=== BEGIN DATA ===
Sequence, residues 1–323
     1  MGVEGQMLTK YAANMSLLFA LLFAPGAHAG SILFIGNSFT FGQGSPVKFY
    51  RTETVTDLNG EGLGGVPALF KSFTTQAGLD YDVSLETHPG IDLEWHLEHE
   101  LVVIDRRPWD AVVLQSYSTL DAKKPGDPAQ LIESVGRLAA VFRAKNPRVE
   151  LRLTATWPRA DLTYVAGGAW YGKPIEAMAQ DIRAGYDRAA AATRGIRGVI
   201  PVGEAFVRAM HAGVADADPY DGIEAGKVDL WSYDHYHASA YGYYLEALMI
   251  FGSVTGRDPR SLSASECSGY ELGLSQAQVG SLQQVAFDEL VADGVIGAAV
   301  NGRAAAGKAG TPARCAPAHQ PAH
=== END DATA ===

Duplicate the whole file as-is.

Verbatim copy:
Sequence, residues 1–323
     1  MGVEGQMLTK YAANMSLLFA LLFAPGAHAG SILFIGNSFT FGQGSPVKFY
    51  RTETVTDLNG EGLGGVPALF KSFTTQAGLD YDVSLETHPG IDLEWHLEHE
   101  LVVIDRRPWD AVVLQSYSTL DAKKPGDPAQ LIESVGRLAA VFRAKNPRVE
   151  LRLTATWPRA DLTYVAGGAW YGKPIEAMAQ DIRAGYDRAA AATRGIRGVI
   201  PVGEAFVRAM HAGVADADPY DGIEAGKVDL WSYDHYHASA YGYYLEALMI
   251  FGSVTGRDPR SLSASECSGY ELGLSQAQVG SLQQVAFDEL VADGVIGAAV
   301  NGRAAAGKAG TPARCAPAHQ PAH